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VTT views mineral scarcity and environmental technologies as opportunities
As mineral resources are dwindling, it is becoming increasingly important to know how even the tiniest amounts of minerals can be recovered from waste -- or how minerals can be substituted for other materials in industrial use. (2015-01-27)
E-waste in East and Southeast Asia jumps 63 percent in 5 years
Volumes of discarded electronics in East and Southeast Asia jumped almost two-thirds between 2010 and 2015, and e-waste generation is growing fast in both volume and per capita measures, new UN research shows. (2017-01-15)
Recycling old batteries into solar cells
An environmental twofer could recycle lead batteries to make solar cells. (2014-08-18)
New report outlines benefits and trade-offs of low-carbon energy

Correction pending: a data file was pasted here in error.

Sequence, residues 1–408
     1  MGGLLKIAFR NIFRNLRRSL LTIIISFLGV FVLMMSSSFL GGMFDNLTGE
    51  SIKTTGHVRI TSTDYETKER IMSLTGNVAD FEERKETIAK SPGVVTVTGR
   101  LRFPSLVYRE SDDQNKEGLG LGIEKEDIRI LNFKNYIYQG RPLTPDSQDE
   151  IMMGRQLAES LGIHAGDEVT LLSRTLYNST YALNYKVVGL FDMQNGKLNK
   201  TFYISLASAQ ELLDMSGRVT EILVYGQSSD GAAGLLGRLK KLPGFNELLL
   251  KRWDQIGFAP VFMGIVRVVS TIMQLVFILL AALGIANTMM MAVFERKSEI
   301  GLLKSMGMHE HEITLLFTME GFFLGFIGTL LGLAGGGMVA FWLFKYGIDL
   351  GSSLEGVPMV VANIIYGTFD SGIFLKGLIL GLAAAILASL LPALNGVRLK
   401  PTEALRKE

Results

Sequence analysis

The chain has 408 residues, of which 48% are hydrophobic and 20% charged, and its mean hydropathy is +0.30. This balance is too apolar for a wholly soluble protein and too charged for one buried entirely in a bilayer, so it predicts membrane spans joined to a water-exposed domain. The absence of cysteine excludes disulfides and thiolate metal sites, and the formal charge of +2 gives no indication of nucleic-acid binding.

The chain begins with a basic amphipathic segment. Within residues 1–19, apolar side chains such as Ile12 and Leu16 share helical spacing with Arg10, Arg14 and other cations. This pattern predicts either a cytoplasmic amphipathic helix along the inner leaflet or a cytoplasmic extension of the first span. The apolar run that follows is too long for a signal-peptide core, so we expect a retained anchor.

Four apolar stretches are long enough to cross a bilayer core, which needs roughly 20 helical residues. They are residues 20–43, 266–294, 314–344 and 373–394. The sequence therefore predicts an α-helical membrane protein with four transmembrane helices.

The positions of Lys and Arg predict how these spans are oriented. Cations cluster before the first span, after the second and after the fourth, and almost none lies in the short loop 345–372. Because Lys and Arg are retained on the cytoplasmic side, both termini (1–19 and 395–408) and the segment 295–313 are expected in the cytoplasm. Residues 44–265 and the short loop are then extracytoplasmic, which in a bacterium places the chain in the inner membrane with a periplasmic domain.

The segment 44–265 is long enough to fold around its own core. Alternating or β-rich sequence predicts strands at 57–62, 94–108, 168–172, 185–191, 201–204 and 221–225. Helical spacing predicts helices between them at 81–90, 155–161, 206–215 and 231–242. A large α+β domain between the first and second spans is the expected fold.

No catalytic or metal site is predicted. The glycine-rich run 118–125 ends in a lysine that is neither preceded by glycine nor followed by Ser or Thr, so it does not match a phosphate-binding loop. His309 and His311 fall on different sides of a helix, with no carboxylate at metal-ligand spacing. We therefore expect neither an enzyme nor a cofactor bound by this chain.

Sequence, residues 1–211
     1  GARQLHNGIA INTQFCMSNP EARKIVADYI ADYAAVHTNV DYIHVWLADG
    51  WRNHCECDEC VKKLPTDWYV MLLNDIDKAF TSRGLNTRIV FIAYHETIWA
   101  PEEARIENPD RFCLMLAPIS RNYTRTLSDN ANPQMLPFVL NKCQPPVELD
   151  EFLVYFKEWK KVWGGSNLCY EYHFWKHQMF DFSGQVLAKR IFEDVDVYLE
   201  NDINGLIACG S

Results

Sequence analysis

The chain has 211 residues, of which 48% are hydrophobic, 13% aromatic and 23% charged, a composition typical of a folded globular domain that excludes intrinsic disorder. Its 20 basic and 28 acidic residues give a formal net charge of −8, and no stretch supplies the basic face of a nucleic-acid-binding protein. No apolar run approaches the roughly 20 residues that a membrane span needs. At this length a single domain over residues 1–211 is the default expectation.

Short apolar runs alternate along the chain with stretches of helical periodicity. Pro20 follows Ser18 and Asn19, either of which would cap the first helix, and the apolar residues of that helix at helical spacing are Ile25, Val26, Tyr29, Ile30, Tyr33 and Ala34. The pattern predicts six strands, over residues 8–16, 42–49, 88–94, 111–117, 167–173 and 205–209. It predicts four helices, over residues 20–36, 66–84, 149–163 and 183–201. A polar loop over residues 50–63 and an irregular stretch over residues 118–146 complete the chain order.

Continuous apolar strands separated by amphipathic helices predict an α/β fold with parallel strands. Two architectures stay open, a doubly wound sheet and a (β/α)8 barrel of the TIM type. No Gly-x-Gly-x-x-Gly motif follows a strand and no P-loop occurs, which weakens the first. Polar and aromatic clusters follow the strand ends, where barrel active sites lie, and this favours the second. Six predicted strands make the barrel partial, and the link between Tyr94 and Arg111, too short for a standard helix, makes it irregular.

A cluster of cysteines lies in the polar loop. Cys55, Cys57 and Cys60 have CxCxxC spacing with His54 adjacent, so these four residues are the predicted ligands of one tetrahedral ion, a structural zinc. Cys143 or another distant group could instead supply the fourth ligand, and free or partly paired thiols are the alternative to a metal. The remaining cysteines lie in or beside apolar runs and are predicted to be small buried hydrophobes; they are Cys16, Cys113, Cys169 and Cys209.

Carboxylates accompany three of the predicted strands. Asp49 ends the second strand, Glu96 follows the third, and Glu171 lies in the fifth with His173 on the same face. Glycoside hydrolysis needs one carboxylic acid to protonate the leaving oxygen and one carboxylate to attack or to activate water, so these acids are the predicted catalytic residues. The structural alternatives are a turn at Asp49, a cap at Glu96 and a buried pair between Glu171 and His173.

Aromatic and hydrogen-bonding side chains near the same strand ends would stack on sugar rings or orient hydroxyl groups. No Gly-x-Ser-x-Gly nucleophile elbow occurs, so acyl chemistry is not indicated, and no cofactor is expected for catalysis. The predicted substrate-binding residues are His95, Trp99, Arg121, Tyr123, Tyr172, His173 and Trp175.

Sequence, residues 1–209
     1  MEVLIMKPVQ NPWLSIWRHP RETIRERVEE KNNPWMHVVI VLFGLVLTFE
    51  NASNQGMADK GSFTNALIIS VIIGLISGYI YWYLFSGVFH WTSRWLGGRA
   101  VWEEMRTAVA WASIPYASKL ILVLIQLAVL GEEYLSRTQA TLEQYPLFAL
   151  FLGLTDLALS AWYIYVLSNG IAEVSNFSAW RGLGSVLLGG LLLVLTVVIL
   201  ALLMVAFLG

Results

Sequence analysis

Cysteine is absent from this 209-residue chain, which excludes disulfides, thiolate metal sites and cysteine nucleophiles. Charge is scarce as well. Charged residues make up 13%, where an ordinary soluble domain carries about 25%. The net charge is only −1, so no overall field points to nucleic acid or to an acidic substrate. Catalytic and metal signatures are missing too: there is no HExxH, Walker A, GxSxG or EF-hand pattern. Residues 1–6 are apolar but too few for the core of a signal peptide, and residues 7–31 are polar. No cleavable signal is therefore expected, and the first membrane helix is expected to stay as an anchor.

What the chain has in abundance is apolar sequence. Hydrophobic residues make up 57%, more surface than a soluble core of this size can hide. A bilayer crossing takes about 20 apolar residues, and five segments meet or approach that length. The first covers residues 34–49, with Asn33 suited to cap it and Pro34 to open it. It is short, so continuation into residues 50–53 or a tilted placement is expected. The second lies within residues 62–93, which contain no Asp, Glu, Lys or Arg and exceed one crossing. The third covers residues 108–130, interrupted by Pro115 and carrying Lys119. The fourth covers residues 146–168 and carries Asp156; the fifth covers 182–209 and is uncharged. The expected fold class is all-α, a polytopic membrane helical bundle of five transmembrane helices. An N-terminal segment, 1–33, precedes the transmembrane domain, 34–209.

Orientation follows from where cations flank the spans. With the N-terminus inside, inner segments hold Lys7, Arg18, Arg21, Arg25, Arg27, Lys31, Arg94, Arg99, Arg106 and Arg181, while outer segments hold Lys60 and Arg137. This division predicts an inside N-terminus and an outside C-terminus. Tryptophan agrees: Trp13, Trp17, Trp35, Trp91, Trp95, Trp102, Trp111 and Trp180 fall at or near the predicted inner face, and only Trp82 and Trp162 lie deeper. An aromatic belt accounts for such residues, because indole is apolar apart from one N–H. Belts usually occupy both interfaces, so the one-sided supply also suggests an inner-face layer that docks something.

Policymakers, industry and government officials will have to invest US $2.5 trillion for electricity generation over the next 20 years. (2015-11-30)
Domestic consumption main contributor to Africa's growing E-waste
West Africa faces a rising tide of E-waste generated by domestic consumption of new and used electrical and electronic equipment, according to a new United Nations report. (2012-02-10)
Louisiana Tech inventors honored for research
Twenty Louisiana Tech faculty researchers were honored for their innovative skills and production at an Inventors' Recognition event held recently. (2006-11-03)
Alien earthworms changing ecology of Northeast forests
Some forests throughout the Northeast are rapidly changing, but most observers won't notice it unless they take a close look at the soil beneath their feet. (2003-06-24)
Dramatically raising low metal recycling rates part of path to green economy: UNEP
Less than one-third of 60 important metals have an end-of-life recycling rate above 50 percent and more than half are under 1 percent, according to a new UNEP report being released in London and Brussels Thursday. (2011-05-26)
New marine research shows global warming may affect organic matter recycling differently